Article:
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Born in Valenciennes, Henri Harpignies did not start to paint seriously until the age of 27 when he became a student of the landscapist, Jean Achard. Under Achard’s tutelage he travelled to Holland, Brussels and Flanders to study the Northern landscape painters of the 17th century.

In 1852 he returned to France to establish his own studio in Paris and met the artists Gerome, Hamon and Corot. A year later he moved outside of Paris to continue his outdoor painting. It was also in 1853 that he made his Salon debut. From 1853 to 1856, influenced by the Barbizon painters and Constant Troyon in particular, Harpignies experimented with figurative compositions, but after that time he devoted himself to landscapes. He made one last trip to Italy and then returned to Paris where he continued to exhibit at the Salon. Between 1869 and 1879 he spent his summers at Herisson, where he led a group known as the Ecole d’Herisson.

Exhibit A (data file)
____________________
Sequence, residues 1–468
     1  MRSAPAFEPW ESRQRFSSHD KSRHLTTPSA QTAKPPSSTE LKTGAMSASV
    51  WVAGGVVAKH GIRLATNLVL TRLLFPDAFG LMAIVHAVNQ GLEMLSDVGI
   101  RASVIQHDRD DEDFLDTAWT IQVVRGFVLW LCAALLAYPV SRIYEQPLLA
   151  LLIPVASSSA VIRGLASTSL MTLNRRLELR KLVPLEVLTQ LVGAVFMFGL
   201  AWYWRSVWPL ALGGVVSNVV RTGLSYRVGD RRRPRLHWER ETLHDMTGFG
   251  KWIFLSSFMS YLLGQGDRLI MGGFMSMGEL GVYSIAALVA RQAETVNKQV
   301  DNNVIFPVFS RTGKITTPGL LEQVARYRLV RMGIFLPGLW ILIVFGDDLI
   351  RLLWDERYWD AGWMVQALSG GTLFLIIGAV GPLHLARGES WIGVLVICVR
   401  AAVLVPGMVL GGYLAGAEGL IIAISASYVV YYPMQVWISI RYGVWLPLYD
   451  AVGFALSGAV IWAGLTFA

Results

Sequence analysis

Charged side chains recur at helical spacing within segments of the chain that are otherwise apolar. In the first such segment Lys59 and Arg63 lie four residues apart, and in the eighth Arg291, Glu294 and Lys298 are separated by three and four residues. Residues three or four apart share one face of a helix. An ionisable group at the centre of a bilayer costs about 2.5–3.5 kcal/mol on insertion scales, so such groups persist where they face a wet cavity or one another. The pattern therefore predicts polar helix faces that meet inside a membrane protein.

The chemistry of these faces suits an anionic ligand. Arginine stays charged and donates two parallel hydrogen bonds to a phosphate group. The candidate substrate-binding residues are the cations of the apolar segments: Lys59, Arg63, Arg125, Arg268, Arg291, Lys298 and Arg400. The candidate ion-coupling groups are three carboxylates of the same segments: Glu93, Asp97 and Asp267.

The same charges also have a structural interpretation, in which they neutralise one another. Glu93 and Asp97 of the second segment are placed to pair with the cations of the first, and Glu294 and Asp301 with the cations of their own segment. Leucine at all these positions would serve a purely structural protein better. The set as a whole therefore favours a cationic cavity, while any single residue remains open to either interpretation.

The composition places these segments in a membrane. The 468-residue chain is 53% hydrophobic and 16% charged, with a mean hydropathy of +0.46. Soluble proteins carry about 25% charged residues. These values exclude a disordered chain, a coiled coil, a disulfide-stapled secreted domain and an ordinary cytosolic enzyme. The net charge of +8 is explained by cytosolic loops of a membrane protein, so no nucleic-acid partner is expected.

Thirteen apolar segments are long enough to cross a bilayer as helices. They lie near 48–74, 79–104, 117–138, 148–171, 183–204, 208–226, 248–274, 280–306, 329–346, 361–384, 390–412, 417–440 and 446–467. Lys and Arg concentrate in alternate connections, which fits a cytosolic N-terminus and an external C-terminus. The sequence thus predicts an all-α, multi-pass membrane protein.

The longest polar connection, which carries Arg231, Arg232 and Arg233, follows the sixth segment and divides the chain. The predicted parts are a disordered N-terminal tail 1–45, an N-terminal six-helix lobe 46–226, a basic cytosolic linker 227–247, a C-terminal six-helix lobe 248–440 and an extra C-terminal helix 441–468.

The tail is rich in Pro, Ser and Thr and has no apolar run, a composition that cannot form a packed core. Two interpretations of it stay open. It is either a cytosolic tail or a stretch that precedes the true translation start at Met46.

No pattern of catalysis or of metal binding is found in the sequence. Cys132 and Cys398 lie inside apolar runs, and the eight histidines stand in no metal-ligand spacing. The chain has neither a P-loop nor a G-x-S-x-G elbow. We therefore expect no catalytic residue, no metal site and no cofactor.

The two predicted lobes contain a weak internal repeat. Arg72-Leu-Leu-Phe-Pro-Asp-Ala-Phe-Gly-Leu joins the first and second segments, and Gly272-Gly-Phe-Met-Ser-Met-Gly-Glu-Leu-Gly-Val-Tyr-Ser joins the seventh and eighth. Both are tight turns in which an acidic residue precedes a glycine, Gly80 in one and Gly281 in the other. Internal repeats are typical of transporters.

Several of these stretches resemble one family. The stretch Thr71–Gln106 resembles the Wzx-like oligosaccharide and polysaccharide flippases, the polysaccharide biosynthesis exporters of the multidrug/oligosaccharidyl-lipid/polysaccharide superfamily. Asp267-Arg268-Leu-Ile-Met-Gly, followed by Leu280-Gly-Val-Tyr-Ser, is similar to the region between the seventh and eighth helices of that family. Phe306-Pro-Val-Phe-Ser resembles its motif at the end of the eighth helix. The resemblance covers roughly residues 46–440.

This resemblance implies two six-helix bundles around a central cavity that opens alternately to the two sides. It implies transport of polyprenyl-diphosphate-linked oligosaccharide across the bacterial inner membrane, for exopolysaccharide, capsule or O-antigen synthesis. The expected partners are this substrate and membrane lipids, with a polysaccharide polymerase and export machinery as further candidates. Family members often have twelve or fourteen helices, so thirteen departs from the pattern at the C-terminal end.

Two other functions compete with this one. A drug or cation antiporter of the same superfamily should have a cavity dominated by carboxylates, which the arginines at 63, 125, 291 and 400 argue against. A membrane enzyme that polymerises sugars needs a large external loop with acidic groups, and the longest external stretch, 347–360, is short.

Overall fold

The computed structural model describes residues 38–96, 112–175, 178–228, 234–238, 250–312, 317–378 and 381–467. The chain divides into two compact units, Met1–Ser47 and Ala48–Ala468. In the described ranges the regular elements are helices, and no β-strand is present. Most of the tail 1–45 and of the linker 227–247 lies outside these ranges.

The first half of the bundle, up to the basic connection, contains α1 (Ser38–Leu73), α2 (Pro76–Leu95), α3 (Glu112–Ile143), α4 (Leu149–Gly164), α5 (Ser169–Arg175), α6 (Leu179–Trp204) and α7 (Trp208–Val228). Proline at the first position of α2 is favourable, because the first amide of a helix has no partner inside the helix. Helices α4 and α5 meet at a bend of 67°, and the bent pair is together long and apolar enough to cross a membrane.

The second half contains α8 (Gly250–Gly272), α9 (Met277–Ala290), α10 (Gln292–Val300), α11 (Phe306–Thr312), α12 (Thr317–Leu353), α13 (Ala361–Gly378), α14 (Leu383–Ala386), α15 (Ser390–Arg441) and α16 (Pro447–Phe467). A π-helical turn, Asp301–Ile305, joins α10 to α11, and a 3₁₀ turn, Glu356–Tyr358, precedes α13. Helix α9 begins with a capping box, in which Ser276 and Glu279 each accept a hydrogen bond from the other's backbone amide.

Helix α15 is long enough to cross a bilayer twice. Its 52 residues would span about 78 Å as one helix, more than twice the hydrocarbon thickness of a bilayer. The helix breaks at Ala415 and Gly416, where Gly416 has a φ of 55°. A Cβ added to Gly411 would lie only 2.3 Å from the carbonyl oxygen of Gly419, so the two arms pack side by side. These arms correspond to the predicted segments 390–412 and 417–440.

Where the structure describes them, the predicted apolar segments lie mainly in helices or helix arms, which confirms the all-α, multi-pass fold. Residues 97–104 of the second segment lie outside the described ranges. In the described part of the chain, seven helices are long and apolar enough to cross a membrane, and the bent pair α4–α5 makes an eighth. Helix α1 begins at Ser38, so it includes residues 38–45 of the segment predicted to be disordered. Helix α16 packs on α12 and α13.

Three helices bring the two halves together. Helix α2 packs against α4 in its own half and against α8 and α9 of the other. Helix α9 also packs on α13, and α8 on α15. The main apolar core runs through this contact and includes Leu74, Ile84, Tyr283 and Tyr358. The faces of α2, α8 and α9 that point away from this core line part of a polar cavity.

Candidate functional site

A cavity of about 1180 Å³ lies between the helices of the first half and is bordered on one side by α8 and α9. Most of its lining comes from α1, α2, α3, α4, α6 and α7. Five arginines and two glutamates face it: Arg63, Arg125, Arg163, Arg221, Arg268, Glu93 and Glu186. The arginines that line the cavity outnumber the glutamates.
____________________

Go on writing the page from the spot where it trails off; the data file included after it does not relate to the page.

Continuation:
Continually travelling throughout France during his long career, Henri Harpignies was never exclusively a member of one group. He died in Saint-Privie having won the Legion d'Honneur and the Grand Prix at the Exposition Universelle of 1900.

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